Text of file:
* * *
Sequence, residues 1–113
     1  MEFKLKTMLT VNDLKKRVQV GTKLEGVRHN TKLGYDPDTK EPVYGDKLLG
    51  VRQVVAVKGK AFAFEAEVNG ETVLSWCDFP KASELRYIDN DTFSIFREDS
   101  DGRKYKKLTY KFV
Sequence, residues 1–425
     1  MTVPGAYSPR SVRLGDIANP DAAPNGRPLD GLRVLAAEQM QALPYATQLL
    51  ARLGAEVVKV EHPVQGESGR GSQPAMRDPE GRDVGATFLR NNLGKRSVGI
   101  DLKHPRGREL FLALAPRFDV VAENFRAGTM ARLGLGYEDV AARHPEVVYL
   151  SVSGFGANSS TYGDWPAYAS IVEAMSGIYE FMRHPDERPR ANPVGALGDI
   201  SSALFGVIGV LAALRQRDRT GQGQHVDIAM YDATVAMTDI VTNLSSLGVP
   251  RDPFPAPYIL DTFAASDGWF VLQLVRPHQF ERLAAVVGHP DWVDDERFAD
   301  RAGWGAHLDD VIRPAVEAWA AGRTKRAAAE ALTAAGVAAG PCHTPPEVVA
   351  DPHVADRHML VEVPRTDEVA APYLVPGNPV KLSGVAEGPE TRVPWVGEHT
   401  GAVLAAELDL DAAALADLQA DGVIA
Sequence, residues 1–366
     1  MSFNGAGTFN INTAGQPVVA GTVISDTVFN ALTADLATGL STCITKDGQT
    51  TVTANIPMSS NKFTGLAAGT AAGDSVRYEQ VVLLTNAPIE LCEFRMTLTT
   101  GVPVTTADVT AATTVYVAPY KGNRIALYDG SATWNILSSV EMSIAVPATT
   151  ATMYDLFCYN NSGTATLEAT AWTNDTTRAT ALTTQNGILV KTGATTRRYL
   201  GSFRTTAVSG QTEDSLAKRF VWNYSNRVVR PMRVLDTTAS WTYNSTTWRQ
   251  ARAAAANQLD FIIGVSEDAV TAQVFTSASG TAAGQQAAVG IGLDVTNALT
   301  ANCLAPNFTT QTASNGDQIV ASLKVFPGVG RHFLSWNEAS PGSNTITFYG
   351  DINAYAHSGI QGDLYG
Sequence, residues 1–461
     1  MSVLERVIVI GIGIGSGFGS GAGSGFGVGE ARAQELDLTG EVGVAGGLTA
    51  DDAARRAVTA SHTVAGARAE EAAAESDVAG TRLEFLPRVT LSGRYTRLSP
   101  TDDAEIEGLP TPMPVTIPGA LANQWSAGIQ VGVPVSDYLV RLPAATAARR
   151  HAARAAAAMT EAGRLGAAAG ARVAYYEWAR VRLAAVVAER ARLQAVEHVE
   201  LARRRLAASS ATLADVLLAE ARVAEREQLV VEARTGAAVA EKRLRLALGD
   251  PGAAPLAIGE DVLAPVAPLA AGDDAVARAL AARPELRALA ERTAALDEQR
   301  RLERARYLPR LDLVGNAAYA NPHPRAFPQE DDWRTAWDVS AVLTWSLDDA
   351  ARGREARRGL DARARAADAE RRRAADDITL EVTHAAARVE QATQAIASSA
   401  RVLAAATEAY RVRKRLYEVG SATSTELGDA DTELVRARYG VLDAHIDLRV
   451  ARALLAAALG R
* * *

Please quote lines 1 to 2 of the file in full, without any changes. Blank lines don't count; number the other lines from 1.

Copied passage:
Sequence, residues 1–113
     1  MEFKLKTMLT VNDLKKRVQV GTKLEGVRHN TKLGYDPDTK EPVYGDKLLG